NUTRITION

All About the Micronutrient Iron

Get more iron into your diet and experience the wonders of this micronutrient.

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By Linzy Ziegelbaum

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Iron is a micronutrient that our body’s need for many functions. Iron is needed for growth and development, and to make both hemoglobin and myoglobin. Hemoglobin is a protein found in red blood cells that carries oxygen from our lungs to the rest of our body, and myoglobin is a protein that brings oxygen to our muscles.

There are two forms of iron that are found in our diets, heme and nonheme iron. Heme iron is found in meat, poultry and seafood, while nonheme iron is found in plant foods and fortified foods. Heme iron is more readily absorbed than nonheme iron: but it is still possible to meet iron needs from nonheme iron sources.

Some heme and nonheme iron rich foods include:

Heme iron

Beef

Oysters

Chicken

Salmon

Liver

Nonheme iron

Fortified breakfast cereals

Fortified grains

Lentils

Beans

Spinach

Iron needs will vary based on age, sex, pregnancy, lactation and if someone follows a vegetarian/vegan diet. Vegetarian and vegan iron needs are higher because nonheme iron is not as easily absorbed heme iron. However, including foods high in vitamin C with nonheme iron sources will help to increase absorption of nonheme iron.

Sources of vitamin C to pair with non heme iron sources include citrus fruits, broccoli, kiwis, strawberries, and tomatoes. Coffee and tea can decrease iron absorption. Therefore, limiting coffee and tea consumed at meals can enhance iron absorption.

While our bodies store some iron, when the body’s iron stores become too low, iron deficiency anemia occurs. Symptoms of iron deficiency anemia include fatigue, headaches, dizziness, irritability and shortness of breath. Certain populations are at an increased risk for developing iron deficiency anemia.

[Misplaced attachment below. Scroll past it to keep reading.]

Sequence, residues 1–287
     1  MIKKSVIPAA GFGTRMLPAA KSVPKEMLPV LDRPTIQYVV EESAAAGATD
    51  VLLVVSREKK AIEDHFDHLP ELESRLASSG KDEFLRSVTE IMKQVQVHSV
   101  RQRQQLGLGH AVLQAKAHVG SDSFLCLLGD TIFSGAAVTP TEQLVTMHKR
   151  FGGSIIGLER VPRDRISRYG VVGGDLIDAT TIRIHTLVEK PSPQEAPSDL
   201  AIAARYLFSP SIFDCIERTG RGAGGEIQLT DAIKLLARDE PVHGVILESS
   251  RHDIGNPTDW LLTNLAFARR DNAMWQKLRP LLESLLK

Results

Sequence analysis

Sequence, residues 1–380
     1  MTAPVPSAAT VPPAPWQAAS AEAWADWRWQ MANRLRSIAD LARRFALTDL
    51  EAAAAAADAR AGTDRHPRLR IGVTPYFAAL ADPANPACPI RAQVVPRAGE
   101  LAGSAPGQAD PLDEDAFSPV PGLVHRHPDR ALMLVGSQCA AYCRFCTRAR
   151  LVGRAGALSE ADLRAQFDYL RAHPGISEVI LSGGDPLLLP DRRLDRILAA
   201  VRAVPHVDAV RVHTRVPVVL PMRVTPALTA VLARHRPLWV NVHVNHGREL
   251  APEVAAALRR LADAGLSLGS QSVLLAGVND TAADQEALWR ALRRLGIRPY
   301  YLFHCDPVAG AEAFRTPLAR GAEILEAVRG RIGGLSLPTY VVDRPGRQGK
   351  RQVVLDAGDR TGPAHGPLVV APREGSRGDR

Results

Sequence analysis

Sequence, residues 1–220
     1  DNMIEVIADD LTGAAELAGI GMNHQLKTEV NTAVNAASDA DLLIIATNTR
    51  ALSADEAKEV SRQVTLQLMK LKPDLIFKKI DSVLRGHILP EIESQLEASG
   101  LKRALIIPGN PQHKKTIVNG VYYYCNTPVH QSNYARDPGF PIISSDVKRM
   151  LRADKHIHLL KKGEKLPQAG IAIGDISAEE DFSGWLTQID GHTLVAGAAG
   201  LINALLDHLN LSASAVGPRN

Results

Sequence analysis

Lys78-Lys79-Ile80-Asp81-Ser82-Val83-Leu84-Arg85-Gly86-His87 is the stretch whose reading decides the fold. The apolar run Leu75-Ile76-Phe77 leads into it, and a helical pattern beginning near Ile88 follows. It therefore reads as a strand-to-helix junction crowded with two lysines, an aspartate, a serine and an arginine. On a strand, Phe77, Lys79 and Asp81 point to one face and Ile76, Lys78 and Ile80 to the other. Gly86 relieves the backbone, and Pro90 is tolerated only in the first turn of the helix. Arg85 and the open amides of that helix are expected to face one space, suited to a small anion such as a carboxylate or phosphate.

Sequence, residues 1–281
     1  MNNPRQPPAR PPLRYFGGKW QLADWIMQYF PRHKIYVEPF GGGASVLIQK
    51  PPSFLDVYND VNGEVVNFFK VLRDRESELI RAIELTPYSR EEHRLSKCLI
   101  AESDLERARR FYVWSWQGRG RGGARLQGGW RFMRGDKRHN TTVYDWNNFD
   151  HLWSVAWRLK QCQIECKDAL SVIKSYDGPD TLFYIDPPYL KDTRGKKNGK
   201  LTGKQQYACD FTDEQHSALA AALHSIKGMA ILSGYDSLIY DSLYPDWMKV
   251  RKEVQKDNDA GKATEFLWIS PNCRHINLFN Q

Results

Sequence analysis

These populations include:

Women of childbearing age with very heavy periods

Pregnant women

Those with GI disorders

Infants born prematurely or at a low birth weight

Those who frequently donate blood

Athletes involved in regular intensive endurance exercise

Are you looking for an iron rich vegetarian option? Try this delicious salad combination! This recipe contains 7mg of iron and 68 mg of vitamin C! Enjoy!

Salad Ingredients

2 cups Spinach

½ cup cooked Lentils*

6 medium Strawberries

6 Grape tomatoes

1 oz Feta cheese

*Nutrition facts calculated using ¼ c dried lentils

Linzy Ziegelbaum, MS, RD, CDN is a registered dietitian and owner of the private practice LNZnutrition LLC. She provides nutrition counseling and education to clients of all ages with many nutrition needs. Linzy enjoys sharing her love and nutrition expertise with others through counseling, her LNZnutrition blog and social media pages, including Facebook and Instagram.

Main Photo Credit: Ekaterina Markelova/shutterstock.com; Second Photo Credit: Evan Lorne/shutterstock.com

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Mon Jan 29 05:41:25 UTC 2018

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